>           "continuing criminal enterprise."
>           But Begley contends that the article attributed >
      to the judge some statements about him that had >
originally been made by the trooper who recorded >           the
conversation. The statements in question
>           involve a trooper's assertion that on a visit to >
       his house, Begley had crawled along a line of
>           bushes, presumably to avoid being seen.
>           Reached by telephone at the enforcement agency's >
       New York City office, Begley said he was not
>           optimistic about winning the suit, because libel >
       is "possibly the most difficult area in the
>           law."
>           He referred specific questions to Zinzheimer,
>           who said Begley had filed the suit because "this >
       has been so damaging to his career." Zinzheimer >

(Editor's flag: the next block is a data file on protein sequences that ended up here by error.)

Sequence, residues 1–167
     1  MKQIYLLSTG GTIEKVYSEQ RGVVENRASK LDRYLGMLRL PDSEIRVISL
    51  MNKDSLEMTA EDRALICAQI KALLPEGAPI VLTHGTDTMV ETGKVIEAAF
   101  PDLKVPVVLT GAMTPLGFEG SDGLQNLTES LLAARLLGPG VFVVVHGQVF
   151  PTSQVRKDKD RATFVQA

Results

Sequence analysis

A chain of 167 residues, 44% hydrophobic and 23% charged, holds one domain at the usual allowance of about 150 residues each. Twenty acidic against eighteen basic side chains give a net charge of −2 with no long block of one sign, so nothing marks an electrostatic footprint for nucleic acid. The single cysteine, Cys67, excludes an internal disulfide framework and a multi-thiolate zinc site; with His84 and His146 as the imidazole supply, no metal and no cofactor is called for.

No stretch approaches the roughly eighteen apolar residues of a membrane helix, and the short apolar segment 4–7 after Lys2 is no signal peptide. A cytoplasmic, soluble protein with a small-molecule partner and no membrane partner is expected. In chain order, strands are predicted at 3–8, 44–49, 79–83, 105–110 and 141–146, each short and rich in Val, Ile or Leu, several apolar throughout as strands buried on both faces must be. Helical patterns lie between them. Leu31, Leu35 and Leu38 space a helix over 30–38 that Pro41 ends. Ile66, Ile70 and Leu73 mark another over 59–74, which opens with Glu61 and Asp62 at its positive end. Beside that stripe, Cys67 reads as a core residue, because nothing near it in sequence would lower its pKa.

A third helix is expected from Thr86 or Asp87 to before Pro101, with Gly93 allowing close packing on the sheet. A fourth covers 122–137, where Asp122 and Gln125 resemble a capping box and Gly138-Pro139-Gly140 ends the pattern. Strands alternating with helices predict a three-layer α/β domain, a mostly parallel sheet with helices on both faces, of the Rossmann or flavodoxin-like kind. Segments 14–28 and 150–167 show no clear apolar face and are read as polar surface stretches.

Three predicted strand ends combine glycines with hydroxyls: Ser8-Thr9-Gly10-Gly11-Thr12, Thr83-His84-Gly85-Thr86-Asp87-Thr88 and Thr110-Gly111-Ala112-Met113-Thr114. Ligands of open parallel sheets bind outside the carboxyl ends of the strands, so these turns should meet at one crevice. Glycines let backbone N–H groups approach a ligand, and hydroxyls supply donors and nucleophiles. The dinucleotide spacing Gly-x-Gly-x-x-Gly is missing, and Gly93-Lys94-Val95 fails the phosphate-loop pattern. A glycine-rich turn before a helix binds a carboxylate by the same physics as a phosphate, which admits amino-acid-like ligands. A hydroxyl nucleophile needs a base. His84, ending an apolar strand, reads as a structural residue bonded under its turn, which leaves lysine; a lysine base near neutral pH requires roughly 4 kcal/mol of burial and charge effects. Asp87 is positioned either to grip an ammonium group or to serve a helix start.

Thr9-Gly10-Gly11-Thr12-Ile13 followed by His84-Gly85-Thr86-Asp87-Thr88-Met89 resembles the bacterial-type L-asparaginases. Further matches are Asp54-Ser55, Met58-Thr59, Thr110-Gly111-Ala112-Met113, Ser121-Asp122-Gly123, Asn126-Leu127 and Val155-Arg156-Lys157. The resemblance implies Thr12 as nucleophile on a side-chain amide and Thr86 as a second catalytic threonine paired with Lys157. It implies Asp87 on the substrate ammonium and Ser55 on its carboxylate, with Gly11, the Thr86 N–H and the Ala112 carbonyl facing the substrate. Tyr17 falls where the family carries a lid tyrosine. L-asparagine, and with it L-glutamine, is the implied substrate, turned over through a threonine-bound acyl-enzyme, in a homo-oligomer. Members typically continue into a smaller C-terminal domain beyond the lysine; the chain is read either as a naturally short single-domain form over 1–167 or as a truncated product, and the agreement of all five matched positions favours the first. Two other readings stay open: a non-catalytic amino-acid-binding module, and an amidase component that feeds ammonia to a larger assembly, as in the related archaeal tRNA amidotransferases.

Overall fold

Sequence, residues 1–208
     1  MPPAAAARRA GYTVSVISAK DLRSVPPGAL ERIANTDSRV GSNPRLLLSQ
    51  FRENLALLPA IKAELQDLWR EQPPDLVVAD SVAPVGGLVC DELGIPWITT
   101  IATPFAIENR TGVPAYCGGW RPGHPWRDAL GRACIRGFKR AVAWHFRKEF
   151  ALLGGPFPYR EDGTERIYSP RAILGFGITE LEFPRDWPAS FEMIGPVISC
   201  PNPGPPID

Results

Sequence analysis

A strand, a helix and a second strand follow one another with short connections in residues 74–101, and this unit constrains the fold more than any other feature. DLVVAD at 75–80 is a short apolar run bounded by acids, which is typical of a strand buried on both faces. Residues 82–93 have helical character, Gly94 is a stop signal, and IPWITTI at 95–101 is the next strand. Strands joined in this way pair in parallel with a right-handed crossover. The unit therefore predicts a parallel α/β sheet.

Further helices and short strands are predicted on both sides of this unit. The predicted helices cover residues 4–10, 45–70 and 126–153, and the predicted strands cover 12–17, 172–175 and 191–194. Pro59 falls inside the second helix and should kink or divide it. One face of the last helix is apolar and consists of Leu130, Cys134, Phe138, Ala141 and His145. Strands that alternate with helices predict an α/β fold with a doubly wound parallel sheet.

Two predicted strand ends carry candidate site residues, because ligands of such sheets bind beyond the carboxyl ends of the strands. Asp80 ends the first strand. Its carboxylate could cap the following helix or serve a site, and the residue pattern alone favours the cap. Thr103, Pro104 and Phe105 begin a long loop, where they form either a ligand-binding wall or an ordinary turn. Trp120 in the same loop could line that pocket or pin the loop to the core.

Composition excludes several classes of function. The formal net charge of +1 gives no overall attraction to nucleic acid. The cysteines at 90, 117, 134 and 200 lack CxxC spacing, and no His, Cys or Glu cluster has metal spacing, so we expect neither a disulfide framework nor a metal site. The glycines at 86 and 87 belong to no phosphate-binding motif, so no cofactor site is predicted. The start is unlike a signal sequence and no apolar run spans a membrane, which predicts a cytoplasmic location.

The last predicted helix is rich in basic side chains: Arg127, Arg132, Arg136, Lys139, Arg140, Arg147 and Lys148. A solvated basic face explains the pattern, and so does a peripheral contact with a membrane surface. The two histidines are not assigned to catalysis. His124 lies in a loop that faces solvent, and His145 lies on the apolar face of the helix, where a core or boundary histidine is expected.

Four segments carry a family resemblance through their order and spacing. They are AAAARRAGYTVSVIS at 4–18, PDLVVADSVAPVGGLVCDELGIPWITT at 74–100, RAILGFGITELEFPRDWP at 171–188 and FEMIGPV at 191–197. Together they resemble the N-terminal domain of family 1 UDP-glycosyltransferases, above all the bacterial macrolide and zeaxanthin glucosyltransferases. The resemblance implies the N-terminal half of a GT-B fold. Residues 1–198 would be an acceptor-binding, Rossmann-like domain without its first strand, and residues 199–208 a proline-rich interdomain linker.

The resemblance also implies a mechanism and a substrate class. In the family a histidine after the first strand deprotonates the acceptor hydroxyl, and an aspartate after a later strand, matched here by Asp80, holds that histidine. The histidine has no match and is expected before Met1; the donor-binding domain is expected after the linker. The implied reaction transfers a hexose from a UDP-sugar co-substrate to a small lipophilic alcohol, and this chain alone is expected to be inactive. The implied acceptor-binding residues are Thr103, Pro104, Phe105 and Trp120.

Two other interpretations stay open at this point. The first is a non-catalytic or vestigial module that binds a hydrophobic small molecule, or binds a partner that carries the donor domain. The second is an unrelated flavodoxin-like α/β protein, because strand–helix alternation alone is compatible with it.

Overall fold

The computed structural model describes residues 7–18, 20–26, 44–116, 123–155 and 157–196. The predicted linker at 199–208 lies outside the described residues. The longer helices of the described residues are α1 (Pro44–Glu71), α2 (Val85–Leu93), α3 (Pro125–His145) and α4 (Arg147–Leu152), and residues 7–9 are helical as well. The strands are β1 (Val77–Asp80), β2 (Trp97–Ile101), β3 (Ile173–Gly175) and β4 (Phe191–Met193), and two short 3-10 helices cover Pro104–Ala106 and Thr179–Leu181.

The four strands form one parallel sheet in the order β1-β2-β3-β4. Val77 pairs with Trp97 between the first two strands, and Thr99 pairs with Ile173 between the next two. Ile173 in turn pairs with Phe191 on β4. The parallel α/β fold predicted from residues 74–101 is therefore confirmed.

said neither he nor his client had asked The
>           Post-Standard for a correction.
>           Michael Connor, The Post-Standard's executive
>           editor, declined to comment on the suit.
>           Although troopers from Troop C began faking
>           evidence in 1984, the evidence-tampering scandal >
       did not come to light until a trooper boasted,
>           during a job interview with the CIA in 1992, of >
      faking evidence.
>         Home | Sections | Contents | Search | Forums | Help >
>              Copyright 1996 The New York Times Company

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Date: Fri, 22 Mar 1996 10:50:26 +0000
From: Peter Webster 
Subject: Tainted Truth
Message-ID: <199603221109.MAA24989@ZEUS.MONACO.MC>

Been looking thru a book, *Tainted Truth* (1994) by Cynthia Crossen, a
reporter and editor at the Wall St Journal. The dust-jacket blurb:

  In this age of information, sponsored studies have become
America's most powerful and popular tool of persuasion.
However, in *Tainted Truth*, we find out that much of what
we learn from them is false. Although the studies and surveys
wear the guise of objective science, their findings almost
invariably reflect their sponsors' intentions. Most such
research is designed with a certain outcome in mind, and it is
all but guaranteed to achieve that outcome. The result is a
corruption of information---the information used every day by
voters, consumers and leaders.
   Manufactured truths dominate the American discourse in